Italian scientists searching for evidence of water on Mars—even signs that it was there billions of years ago—believe they've found a lake filled with the liquid just a mile beneath the Red Planet's southern polar ice cap. Though outside experts have yet to confirm the finding, the body is thought to be 12 miles wide and potentially saturated with salts like sodium, magnesium, and calcium that would lower the water's melting point and allow it to stay in liquid form despite the cold temperatures, Popular Mechanics reports via the study published in Science. Per CNN, it's based on 29 observations of Mars’ Planum Australe region during a 3.5-year radar survey, completed in 2015 by the European Space Agency's Mars Express spacecraft.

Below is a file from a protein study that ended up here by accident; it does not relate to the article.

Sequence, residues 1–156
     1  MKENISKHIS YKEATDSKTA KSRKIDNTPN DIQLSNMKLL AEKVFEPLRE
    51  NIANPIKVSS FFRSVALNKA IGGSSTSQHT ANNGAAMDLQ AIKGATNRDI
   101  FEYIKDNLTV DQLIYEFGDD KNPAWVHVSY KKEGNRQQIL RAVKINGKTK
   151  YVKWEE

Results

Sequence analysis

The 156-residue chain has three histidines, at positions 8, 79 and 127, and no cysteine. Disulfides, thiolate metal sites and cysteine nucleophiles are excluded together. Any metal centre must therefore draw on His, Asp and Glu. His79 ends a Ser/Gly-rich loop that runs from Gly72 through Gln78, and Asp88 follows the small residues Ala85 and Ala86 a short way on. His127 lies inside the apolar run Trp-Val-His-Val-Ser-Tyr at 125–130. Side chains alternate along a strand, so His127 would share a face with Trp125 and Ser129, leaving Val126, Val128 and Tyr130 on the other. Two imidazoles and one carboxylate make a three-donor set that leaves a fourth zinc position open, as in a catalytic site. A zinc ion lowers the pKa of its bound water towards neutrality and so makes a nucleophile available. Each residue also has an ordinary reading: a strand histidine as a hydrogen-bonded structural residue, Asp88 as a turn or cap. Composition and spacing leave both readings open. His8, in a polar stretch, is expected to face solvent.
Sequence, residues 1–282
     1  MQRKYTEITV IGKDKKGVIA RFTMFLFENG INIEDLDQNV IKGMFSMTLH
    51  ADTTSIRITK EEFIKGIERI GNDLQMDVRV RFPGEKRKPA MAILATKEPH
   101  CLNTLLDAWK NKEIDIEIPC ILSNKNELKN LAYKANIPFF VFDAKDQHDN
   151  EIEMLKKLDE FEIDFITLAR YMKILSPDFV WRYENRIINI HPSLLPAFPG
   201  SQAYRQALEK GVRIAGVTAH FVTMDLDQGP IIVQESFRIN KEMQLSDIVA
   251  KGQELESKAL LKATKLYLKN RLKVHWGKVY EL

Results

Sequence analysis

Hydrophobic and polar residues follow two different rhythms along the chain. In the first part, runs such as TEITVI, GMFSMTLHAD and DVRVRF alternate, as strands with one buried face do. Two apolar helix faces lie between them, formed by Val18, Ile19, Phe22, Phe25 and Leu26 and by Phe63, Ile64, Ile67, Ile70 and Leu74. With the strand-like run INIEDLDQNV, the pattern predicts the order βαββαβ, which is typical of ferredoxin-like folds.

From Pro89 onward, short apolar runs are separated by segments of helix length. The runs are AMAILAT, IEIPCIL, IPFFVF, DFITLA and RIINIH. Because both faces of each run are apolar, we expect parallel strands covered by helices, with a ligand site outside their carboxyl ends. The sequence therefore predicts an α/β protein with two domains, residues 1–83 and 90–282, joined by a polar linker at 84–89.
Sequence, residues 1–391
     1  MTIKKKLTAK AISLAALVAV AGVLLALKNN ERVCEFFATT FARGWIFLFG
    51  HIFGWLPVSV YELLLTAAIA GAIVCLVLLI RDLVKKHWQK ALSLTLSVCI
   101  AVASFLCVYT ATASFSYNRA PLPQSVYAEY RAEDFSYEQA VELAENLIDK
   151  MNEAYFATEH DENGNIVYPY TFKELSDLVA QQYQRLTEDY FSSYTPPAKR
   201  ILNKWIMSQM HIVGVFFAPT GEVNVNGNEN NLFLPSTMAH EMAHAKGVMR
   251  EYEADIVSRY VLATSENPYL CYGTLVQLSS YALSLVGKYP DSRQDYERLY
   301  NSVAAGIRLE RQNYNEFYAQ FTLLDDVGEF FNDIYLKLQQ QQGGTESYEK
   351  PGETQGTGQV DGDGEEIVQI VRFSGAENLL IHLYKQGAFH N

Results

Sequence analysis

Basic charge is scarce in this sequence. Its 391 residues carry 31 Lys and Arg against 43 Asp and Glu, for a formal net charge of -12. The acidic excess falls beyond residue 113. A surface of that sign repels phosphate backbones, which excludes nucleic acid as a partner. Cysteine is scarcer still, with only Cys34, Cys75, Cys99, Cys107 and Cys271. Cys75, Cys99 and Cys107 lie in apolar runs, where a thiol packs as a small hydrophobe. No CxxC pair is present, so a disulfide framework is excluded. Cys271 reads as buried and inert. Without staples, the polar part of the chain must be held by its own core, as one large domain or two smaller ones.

A mile below the ice-covered surface, variations in radar signals revealed what appeared to be a lake similar to those found beneath Earth's ice sheets. The AP notes the researchers weren't able to establish the depth of the lake, which it reports prevents them from specifying "whether it's an underground pool, an aquifer-like body, or just a layer of sludge." Still, the scientists say they "interpret this feature as a stable body of liquid water on Mars," and they're already imagining a connecting system of waterways. There's a major caveat, though: Subsequent radar scans, including by the Mars Reconnaissance Orbiter, have failed to find the same signs. They remained elusive "even when we recently summed together [thousands] of observations to create CATSCAN-like 3D views of both polar caps," a scientist tells CNN. That said, the research team claims it, too, had difficulty establishing the lake's presence until it fixed a data processing issue. (Read more Mars stories.)